Measurement Valuation of Public Transport Reliability

Public transit reliability is important for both passengers and operators. Reliability can affect riders in one of two ways: (1) delay when picking up the passenger and (2) delay when the passenger is on the service. Measures of reliability are generally utilized within performance regimes to evaluate the quality of service of public transit providers. This research, undertaken out in 2007, tries to find a method of measuring the value placed on public transit reliability in different contexts in New Zealand. A stated preference survey was designed and implemented to collect information about riders’ current public transit usage, their attitudes to reliability and how they valued reliability. Four initial models were estimated using these stated preference surveys: a disaggregate model, a mean model, a variance model and a mean-variance model. The preferred approach, based on comparability to international measures and ease of use, was the mean delay model. A value of time was determined from the departure stated preference survey. Values of time ranged around $8/hour. The surveys also found that rail transit riders consistently had a value of time almost twice that of bus transit riders, which is consistent with international findings.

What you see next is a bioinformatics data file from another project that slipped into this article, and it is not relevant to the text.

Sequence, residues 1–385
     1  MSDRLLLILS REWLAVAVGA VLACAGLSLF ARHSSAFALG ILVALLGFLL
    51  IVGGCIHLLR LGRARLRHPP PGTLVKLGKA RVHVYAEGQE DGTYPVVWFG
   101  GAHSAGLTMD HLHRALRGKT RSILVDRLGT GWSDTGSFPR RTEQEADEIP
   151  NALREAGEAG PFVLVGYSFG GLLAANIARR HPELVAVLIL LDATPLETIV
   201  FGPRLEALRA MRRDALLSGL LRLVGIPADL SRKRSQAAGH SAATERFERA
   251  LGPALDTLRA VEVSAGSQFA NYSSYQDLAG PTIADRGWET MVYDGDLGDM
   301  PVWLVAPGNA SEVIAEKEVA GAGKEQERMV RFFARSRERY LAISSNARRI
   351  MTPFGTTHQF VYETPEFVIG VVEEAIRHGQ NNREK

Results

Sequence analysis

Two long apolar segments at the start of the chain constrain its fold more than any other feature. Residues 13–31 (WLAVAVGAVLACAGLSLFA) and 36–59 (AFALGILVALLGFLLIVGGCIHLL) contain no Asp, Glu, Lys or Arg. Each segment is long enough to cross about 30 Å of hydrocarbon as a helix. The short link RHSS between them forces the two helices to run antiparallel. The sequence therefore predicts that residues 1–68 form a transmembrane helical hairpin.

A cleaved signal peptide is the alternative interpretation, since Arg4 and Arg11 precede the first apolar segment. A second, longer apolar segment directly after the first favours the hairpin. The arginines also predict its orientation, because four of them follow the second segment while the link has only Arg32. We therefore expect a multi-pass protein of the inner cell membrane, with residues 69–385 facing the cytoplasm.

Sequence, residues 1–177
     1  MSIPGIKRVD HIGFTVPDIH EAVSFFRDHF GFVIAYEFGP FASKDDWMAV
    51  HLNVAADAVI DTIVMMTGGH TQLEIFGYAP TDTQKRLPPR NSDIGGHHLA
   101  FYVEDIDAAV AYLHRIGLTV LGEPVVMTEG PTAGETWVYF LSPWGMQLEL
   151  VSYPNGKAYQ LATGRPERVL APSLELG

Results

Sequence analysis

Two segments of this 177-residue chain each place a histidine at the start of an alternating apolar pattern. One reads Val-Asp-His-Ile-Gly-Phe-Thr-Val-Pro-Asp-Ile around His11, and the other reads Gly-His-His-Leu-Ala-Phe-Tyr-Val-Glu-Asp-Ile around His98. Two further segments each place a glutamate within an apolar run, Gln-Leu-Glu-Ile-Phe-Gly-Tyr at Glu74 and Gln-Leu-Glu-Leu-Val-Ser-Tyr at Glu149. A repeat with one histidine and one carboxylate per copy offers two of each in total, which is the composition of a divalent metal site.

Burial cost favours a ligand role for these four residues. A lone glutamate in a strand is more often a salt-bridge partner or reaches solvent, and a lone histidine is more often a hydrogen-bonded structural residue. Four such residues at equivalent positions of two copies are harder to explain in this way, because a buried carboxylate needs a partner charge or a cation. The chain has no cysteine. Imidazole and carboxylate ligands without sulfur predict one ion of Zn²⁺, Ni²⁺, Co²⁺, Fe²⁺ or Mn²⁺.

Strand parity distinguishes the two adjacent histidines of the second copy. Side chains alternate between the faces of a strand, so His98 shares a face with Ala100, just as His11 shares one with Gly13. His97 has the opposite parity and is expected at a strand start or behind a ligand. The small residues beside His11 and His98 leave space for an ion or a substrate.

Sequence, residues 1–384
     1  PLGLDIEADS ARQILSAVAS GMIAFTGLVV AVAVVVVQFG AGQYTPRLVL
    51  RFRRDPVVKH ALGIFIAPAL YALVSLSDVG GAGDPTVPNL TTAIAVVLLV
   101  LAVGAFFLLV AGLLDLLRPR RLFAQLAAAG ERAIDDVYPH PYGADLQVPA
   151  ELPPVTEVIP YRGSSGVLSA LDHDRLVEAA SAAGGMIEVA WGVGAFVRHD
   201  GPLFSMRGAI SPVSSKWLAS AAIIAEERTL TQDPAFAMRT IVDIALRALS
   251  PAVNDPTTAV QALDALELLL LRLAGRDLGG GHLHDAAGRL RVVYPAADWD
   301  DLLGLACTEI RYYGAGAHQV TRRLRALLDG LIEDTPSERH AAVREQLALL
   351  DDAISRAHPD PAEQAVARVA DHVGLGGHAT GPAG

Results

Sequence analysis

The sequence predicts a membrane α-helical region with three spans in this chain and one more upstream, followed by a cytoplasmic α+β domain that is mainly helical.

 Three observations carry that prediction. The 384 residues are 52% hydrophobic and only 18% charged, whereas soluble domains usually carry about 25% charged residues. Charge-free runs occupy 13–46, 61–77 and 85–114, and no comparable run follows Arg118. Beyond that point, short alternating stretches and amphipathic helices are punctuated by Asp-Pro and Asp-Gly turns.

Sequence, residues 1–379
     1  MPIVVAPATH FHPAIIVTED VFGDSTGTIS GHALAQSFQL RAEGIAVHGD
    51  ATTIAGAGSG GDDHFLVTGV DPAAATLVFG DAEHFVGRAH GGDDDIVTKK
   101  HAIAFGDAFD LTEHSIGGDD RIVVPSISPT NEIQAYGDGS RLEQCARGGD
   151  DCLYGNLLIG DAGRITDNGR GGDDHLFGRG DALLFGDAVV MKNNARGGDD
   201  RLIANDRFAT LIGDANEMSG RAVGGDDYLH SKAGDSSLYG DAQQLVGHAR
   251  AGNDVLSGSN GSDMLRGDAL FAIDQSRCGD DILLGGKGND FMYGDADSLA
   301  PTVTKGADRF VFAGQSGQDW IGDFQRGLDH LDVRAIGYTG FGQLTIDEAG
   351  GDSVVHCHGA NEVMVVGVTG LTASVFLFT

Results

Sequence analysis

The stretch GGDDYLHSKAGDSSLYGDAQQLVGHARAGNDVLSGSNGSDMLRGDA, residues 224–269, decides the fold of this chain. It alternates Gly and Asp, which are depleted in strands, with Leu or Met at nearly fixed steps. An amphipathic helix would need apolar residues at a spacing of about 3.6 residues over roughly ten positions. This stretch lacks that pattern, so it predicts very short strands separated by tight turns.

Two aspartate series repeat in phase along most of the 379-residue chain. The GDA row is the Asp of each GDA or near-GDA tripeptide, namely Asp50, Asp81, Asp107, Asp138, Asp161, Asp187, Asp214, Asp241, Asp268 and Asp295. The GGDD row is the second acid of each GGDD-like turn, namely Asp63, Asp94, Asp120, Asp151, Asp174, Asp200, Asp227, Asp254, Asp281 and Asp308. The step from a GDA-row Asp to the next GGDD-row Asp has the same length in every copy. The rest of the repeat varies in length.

Language

  • English

Media Info

Subject/Index Terms

Filing Info

  • Accession Number: 01103399
  • Record Type: Publication
  • ISBN: 9780478309492
  • Files: TRIS, ATRI
  • Created Date: Jun 12 2008 11:12AM